Modular instruments lower cost of testing complex products
A change of strategy enables engineers to customise their approach for testing smaller, faster products.
Greater product complexity, along with a marked increase in the use of wireless connectivity, is driving the adoption of modular test tools.
According to analyst Frost & Sullivan, pressure to lower the cost of test, together with the increasing capabilities of modular instruments and their advantages over traditional instruments drove sales of the equipment to US$524.3 million ($513.1 million) in 2010. The company estimates revenues will climb to US$1.17 billion ($1.14 billion) by 2017.
The company says the modular approach provides engineers with the flexibility they need to alter their test strategies to meet the requirements of today’s smaller and faster electronic products. These devices-under-test (DUT) owe their performance to advances in electronics.
In turn, the modular test instruments needed to test sophisticated electronics benefit from these same improved chips.
For example, due to technical hurdles, RF test instrumentation on the popular PXI platform was inconceivable a decade ago, but now this compact form factor plays host to very high performance wireless test equipment.
"PXI instrumentation has strongly benefitted from technology innovation in semiconductors and more specifically, processors, field programmable gate arrays [FPGA] and data converters," Jessy Cavazos, an Industry Director with Frost & Sullivan, said.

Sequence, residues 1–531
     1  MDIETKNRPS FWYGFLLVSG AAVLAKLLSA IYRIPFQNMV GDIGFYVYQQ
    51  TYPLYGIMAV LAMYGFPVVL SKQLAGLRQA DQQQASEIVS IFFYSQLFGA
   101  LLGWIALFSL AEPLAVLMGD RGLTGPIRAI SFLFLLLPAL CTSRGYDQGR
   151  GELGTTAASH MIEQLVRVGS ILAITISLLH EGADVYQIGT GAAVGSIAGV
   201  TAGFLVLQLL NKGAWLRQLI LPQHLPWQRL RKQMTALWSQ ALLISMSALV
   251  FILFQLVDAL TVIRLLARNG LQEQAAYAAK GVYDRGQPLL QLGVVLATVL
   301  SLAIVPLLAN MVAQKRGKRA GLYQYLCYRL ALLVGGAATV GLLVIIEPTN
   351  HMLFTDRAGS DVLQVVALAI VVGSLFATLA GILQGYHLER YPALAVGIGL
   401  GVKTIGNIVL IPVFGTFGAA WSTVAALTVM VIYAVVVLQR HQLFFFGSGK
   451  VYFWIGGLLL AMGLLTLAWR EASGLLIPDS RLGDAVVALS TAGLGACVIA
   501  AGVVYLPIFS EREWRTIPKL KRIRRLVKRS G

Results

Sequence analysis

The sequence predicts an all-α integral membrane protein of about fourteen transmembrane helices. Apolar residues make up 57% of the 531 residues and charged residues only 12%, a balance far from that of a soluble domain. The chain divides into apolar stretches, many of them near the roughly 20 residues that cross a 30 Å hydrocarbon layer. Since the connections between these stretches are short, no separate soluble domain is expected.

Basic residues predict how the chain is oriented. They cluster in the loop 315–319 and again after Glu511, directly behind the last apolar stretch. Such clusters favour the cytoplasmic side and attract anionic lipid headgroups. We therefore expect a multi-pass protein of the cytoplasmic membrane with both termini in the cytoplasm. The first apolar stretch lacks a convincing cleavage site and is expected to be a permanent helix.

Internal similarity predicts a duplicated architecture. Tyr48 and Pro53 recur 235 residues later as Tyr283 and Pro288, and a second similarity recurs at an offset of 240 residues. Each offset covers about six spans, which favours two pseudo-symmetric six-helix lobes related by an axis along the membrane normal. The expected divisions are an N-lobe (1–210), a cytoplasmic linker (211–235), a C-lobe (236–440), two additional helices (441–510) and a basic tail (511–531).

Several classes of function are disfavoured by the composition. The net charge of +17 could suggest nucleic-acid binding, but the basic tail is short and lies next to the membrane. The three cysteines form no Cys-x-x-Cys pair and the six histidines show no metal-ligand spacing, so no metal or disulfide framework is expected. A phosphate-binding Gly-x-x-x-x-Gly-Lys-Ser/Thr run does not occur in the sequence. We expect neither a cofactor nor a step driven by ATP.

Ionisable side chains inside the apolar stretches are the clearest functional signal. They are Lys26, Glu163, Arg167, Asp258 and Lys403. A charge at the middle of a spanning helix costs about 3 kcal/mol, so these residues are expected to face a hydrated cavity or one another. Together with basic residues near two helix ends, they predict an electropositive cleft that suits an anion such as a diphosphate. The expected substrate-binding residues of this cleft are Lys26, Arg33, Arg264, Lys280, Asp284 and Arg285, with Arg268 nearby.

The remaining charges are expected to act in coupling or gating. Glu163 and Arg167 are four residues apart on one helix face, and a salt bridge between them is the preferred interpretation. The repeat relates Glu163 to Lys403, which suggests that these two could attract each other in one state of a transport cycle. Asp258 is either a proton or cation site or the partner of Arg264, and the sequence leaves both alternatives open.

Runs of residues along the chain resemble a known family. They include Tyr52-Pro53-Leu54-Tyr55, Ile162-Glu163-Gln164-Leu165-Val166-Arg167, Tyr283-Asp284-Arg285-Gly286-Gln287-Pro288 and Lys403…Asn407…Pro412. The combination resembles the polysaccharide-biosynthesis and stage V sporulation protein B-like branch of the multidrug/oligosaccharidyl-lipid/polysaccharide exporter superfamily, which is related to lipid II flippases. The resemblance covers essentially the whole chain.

The pace of adoption of modular instrumentation is likely to be slow, however, because users prefer to use traditional "rack-and-stack" instrumentation where possible due to product familiarity and ease of use. Frost & Sullivan adds that migration is also likely to be sluggish because users find selecting the right product from the wide array of modular instrumentation confusing compared to the relatively simple task of choosing a traditional instrument.
The company notes that in 2010, traditional instruments accounted for almost 85 per cent of the total global market revenue for general-purpose test equipment. Even though its revenue share is decreasing, traditional instrumentation will continue to remain a significant revenue generator for the next five years.
Modular instrument vendors need educate potential customers about the key benefits of modular instruments over traditional instrumentation to push sales, Cavazos said.
"Modular instruments vendors should not only convey the instrumentation’s ability to lower the costs of tests and address specific testing needs, but also focus on lesser-known advantages such as the scalability of such instrumentation," noted Cavazos.
Test equipment makers National Instruments, known for its modular instrumentation approach, and Tektronix (supplied by TekMark in Australia), which has favoured development of traditional instrumentation, have reacted to the dual demands of the market by teaming up.
Building on a 20-year collaboration, the two companies are: "co-innovating on new products that will improve productivity".
"By expanding our cooperation with Tektronix, we will be creating new offerings to provide engineers with greater design-to-manufacturing productivity, reduced test times and a lower cost of test," Eric Starkloff, Vice President of Product Marketing for Test at National Instruments, said.
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